The last this is in relation to DD and the college thing. I don't think I was very clear about that--the reason I feel guilty is not that we're not saving for college right now--it's that I had an account that I set up for her in her name that was money given specifically to her by my parents/ILs with the intention of starting a savings account for her, I presume with the intention that it would be the beginnings of a college fund. But it was money to be set aside for DD--I think DH and I added a thousand dollars to it at some point when we had some more money, but mostly it was gifted by the grandparents, and DH's sister gave us $500 for her too, and it was not money that was ever intended to be part of our financial picture. There was about $4000 in her account when we moved across the country (last summer) and had to close our accounts at that local bank. When we set up accounts at our new bank, I lumped that in with $6000 of my own savings into an investor's deposit account in order to make the minimum 10,000 deposit and get a much higher interest rate. Of course, over the past year with the economy being how it is, the rate has gradually dropped and at this point it's barely earning any interest now anyway, and now we've ended up accumulating some debt. We closed that account and are shifting gears and sort of starting over, and we are putting her part of the money too toward our debt with the intent of putting it back asap. It makes the most financial sense and it's not like she's losing much in potential interest anyway, in fact she'll end up ahead if we're in a better financial position within a year and can start more aggressively funding her college once we're out of debt again. I just feel like a schmuck because I'm essentially raiding her piggy bank and taking a loan from my two year old to pay off our credit cards! I decided that I'm going to set up an online account dedicated to her and fund it with a token amount, like $50 or so, just to kind of keep it in the forefront that we eventually need to pay this money back into dedicated savings for her. I also thinking about considering this as one of our debts and paying it as such once we get the credit card paid.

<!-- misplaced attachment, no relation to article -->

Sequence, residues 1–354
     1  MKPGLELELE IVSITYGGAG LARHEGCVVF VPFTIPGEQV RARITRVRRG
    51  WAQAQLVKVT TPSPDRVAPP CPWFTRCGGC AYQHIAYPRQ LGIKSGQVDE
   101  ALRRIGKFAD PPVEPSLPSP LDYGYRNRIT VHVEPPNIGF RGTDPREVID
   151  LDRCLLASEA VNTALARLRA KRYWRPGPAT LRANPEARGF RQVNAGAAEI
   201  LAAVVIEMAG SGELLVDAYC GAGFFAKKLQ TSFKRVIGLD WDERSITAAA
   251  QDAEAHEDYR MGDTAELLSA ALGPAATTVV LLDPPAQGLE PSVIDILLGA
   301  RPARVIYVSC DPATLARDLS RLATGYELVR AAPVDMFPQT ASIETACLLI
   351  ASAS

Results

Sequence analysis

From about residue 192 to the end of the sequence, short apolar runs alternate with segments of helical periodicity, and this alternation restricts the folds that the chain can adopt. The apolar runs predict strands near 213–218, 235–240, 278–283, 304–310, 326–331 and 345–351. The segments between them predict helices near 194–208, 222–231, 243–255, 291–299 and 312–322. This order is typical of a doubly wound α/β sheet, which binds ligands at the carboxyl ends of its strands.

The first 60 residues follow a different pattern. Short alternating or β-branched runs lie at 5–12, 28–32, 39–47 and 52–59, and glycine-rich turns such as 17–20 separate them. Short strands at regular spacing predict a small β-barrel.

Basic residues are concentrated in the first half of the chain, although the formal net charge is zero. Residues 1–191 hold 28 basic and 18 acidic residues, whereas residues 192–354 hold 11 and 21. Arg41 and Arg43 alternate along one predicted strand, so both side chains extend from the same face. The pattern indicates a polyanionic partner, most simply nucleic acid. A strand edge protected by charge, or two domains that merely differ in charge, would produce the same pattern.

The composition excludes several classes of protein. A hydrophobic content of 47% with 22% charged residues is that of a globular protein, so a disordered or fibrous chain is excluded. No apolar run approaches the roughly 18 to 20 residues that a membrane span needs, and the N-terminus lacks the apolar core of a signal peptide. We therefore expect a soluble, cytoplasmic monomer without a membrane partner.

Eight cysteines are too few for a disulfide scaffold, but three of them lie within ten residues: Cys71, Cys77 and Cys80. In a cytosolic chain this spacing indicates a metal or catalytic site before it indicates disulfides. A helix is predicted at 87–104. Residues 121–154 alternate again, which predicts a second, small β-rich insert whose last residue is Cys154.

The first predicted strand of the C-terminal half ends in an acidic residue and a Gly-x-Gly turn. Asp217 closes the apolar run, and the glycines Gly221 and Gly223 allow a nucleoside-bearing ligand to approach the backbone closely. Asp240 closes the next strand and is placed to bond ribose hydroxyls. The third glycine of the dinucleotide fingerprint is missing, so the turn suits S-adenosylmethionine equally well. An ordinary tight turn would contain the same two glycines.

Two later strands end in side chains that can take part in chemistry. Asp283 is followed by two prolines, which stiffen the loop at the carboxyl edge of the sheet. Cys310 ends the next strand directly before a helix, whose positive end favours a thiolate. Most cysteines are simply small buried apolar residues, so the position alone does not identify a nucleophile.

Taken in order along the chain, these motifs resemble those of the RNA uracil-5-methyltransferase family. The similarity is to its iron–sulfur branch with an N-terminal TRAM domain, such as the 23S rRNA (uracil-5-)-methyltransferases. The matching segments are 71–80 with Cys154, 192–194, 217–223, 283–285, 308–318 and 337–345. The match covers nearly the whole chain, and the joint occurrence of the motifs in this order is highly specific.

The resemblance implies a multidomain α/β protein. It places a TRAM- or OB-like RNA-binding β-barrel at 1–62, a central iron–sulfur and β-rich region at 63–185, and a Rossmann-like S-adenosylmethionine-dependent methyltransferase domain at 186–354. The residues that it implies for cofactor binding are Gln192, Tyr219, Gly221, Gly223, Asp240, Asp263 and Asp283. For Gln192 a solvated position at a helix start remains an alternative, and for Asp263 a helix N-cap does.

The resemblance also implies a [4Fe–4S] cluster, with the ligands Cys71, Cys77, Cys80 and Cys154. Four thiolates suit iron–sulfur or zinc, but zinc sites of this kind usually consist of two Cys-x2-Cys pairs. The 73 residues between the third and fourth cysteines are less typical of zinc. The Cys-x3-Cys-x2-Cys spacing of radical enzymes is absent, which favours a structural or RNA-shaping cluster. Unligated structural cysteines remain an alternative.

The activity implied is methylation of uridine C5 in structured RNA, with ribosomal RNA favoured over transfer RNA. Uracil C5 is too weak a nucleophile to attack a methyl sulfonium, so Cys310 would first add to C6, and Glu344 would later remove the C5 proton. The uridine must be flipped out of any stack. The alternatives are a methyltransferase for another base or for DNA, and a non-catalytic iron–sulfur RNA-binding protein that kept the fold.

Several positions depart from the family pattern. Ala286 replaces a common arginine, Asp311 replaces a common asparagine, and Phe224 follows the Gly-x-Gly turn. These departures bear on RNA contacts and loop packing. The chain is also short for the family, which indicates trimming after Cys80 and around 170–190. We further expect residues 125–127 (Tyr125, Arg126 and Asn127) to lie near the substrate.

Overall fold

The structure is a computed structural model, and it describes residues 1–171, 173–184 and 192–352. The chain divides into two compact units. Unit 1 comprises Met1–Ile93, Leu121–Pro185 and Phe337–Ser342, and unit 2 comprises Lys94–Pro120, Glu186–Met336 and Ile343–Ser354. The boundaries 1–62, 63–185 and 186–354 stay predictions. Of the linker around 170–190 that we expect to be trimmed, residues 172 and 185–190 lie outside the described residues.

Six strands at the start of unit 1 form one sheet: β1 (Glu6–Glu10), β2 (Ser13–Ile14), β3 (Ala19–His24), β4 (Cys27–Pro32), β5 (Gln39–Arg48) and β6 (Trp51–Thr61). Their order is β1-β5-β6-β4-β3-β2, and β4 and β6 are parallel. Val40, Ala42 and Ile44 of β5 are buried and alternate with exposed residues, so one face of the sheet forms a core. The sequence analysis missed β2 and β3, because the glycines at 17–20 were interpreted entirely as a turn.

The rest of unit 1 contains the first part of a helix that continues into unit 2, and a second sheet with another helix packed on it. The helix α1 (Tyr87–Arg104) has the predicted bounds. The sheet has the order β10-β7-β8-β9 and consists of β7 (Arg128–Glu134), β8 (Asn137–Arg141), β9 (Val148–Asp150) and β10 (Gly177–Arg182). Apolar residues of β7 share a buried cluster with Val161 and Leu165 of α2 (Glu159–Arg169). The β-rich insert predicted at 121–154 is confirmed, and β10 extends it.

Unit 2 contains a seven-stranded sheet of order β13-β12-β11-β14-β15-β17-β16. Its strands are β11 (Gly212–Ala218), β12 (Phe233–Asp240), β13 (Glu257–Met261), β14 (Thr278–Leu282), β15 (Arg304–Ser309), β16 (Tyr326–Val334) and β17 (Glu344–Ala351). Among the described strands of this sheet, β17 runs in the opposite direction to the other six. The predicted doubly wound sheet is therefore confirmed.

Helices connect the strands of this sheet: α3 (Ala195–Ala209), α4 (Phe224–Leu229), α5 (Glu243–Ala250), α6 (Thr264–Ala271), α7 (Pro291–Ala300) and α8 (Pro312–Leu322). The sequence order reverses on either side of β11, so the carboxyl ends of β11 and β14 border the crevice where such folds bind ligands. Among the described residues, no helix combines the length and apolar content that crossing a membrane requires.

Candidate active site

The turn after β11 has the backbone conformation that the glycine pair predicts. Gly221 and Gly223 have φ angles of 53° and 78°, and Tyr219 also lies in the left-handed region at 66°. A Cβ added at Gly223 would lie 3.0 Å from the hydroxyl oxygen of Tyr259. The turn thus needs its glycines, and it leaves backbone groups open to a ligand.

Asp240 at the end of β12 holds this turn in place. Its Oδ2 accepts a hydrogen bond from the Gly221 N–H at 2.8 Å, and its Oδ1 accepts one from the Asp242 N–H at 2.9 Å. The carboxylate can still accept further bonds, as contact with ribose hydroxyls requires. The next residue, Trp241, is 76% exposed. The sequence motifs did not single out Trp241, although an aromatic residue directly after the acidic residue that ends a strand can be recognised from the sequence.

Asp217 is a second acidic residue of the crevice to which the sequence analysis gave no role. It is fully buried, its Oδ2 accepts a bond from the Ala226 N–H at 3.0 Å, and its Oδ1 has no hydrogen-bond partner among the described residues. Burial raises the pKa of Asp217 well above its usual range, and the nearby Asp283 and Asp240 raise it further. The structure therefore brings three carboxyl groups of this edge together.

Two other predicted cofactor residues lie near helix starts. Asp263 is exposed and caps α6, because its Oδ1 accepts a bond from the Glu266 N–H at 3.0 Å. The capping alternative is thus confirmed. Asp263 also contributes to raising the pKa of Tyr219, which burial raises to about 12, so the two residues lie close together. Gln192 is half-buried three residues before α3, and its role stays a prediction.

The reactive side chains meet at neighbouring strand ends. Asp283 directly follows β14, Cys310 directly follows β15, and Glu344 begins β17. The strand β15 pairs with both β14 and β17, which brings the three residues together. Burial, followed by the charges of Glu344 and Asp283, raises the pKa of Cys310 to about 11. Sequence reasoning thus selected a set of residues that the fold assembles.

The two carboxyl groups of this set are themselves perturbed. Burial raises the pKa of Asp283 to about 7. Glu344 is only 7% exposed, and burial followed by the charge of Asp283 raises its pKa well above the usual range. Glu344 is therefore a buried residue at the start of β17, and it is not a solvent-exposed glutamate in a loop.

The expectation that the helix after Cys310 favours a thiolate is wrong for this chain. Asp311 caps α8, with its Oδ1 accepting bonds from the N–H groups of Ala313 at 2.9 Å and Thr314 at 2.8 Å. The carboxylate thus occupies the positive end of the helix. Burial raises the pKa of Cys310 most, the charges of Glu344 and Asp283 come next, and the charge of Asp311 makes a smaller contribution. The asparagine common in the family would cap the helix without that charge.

As far as reading TMM, I am going to get it from the library. But I thumbed through it at the bookstore the other night and then I remembered why even though I know he has good financial advice I don't totally feel the Dave Ramsey lurve--it's the religious aspect. We are not Christian and so it just doesn't mesh with my own personal religous/spiritual worldview and in fact that tone feels a little alienating. (I know, I know--then what am I doing on the Dave Ramsey thread, right?! lol!) I hope I'm not offending anybody here. Like I said, I'll read it, and I think I can just take what I can from it and focus on the financial advice.

Anyway, glad to be here with y'all, onward and upward!! :-)
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#123 of 130 Old 10-28-2008, 08:40 AM
 
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Hello all! Popping in for a little update.

DH and I are moving across the country next week. We used our EF to pay our security deposit on a new apartment. Thank God we had that! Except now we need to build it back up.

I paid off a CC, too! Got rid of my second in two months. Now we have three left (about 8K... YIKES!) but we can do this, especially with the better jobs we both took.

We will have to step back from the debt snowball for a bit, as we'll be short a paycheck this month with the switch in jobs. I'm looking forward to getting back in the groove, though.